networking

There may be more going on at the office happy hour than you thought.

While it has been established that networking can boost career success, what that means for employers—and what they might do to retain talent—has been less studied. In a study published in the current edition of the journal Personnel Psychology, researchers report that offering opportunities for workers to network with their colleagues can reduce the likelihood of turnover by 140 percent.

Psychologist Caitlin PorterPsychologist Caitlin Porter found that giving employees a chance to network with their colleagues can reduce the likelihood that they'll leave for another job.Photo courtesy of the University of Houston“Work used to be a major source of friendships, and that’s declining,” said Caitlin Porter, assistant professor of industrial organizational psychology at the University of Houston and lead author on the paper. “That gives people less reason to stay. So giving people the opportunity to build their relationships could help with retention.”

Porter conducted the research as part of her doctoral work at Purdue University. Other authors on the paper include Sang Eun Woo and Michael A. Campion, both of Purdue.

Researchers looked at various types of networking—internal networking vs. external—to determine what networking behaviors predicted an employee would leave their company within two years, as well as the impact of four other factors: job satisfaction, job embeddedness, perceived employment opportunities, and actual job offers.

In general, Porter said, scholars define “networking” as a set of behaviors performed with professional contacts, including the mutually beneficial exchange of resources, such as news about job openings, and advice on how to better perform a job. 

External networking, with people from outside an employee’s workplace, is often facilitated by professional groups or trade associations. Internal networking can be more casual, even gathering for coffee and donuts before a meeting. Both offer the opportunity to talk about common issues, ask for advice, and offer support, Porter said.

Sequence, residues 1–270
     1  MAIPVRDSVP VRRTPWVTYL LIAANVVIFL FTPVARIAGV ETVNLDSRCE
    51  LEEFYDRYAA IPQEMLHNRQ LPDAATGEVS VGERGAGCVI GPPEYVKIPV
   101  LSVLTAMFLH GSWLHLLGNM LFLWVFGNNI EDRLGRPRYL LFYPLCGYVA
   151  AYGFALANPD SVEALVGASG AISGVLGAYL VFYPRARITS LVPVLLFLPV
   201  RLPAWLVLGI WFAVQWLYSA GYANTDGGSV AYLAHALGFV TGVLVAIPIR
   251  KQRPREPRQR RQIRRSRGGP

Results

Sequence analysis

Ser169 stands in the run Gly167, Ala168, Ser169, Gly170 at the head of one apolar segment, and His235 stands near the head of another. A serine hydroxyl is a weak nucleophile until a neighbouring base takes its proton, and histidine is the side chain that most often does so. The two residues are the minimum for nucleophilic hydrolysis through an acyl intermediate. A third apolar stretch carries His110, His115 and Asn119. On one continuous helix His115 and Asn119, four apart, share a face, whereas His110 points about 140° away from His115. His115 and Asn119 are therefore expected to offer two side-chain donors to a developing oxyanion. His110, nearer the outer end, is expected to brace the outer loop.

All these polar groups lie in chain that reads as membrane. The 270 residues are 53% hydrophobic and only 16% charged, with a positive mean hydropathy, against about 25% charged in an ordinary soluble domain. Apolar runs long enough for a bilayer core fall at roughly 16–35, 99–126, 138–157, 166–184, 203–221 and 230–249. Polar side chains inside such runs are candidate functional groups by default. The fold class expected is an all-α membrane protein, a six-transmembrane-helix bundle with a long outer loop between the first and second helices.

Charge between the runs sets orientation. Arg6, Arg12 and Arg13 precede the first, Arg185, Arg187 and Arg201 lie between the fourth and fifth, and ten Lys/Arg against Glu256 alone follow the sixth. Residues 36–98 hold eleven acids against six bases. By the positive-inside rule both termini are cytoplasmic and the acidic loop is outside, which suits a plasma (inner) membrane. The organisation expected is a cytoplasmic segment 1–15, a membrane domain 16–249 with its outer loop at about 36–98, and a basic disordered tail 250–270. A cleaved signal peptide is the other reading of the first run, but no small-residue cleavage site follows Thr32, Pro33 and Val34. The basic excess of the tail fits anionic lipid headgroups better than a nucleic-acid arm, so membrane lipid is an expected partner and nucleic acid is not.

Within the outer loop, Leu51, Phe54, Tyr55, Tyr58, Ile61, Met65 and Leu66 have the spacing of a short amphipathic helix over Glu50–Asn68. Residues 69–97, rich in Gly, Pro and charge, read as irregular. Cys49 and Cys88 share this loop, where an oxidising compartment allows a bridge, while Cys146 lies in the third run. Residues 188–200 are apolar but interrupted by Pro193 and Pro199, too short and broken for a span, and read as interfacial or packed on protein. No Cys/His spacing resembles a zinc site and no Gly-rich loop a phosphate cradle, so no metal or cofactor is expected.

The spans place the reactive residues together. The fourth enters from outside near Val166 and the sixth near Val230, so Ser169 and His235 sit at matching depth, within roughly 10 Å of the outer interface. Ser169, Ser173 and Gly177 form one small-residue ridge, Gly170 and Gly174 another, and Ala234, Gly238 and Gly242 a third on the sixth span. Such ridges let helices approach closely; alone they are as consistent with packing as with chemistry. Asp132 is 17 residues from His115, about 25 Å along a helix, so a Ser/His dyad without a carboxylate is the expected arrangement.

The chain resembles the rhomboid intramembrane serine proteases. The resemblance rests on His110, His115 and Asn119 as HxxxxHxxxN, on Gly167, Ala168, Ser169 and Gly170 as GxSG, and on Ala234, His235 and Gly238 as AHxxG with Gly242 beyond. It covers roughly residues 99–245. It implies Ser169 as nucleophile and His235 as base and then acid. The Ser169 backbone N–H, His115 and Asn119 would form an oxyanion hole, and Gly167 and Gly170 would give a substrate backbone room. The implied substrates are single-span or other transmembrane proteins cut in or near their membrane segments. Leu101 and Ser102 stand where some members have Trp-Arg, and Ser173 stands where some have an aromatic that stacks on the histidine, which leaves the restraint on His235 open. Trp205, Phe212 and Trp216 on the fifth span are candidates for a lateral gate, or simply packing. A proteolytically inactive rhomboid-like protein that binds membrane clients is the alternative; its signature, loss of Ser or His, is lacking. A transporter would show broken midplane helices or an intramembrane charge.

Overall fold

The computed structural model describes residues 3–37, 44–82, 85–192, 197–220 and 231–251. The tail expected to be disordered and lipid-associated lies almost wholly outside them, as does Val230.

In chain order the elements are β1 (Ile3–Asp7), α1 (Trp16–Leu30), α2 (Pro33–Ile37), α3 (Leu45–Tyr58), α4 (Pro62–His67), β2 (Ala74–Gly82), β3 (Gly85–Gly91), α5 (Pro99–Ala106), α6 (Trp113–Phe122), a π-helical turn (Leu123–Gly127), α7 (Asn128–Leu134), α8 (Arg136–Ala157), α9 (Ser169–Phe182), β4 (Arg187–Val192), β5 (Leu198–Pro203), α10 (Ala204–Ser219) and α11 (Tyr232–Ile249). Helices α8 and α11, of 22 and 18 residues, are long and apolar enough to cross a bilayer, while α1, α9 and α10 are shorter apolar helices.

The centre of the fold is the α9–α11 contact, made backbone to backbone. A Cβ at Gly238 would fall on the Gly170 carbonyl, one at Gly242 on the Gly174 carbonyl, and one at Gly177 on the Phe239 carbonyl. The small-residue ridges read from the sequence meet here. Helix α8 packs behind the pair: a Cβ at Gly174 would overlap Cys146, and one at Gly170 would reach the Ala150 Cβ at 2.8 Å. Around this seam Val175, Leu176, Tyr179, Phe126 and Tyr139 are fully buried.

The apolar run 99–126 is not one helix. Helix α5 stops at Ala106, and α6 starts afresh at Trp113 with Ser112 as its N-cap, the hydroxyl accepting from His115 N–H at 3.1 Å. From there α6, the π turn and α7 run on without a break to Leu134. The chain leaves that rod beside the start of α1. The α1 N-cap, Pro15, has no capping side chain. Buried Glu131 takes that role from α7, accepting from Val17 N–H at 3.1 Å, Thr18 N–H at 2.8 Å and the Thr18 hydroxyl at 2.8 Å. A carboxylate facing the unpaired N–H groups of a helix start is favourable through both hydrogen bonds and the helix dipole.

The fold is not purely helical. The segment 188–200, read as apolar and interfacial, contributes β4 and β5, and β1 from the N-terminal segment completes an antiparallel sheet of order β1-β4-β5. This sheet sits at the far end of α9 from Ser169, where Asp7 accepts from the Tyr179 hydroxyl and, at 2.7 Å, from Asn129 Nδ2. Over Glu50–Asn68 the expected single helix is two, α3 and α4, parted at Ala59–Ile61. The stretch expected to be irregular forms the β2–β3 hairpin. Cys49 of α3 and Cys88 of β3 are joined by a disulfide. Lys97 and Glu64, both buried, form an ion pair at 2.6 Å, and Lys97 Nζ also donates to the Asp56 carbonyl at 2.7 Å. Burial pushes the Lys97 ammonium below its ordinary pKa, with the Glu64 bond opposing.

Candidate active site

Using data collected from a group of industrial organizational psychologists followed for two years, the researchers elaborated on earlier work that had found a correlation between networking and job turnover by distinguishing between internal and external networking to determine why and how each contributes to employee decisions to leave a job.

Internal networking promoted job satisfaction and job embeddedness—a feeling that the worker should remain in the job, both because of ties to coworkers and concerns about losing real or perceived benefits—and reduced turnover. External networking, meanwhile, increased the likelihood of turnover by 114 percent, a figure that was even higher if opportunities for internal networking were reduced.

“This study reveals that internal networking behaviors are associated with a reduced likelihood of voluntary turnover, and external networking behaviors are associated with an increased likelihood of voluntary turnover,” the researchers wrote. “Employee networking, in general, functions as a double-edged sword by simultaneously exerting opposing influences upon one’s desire and ability to leave the organization.”

Employers can’t forbid external networking, which also offers benefits as employees return to the office with new ideas. But they can increase opportunities for people to network with their coworkers, Porter said.

“Everything can’t just be work all the time,” she said. “People need to interact with each other.”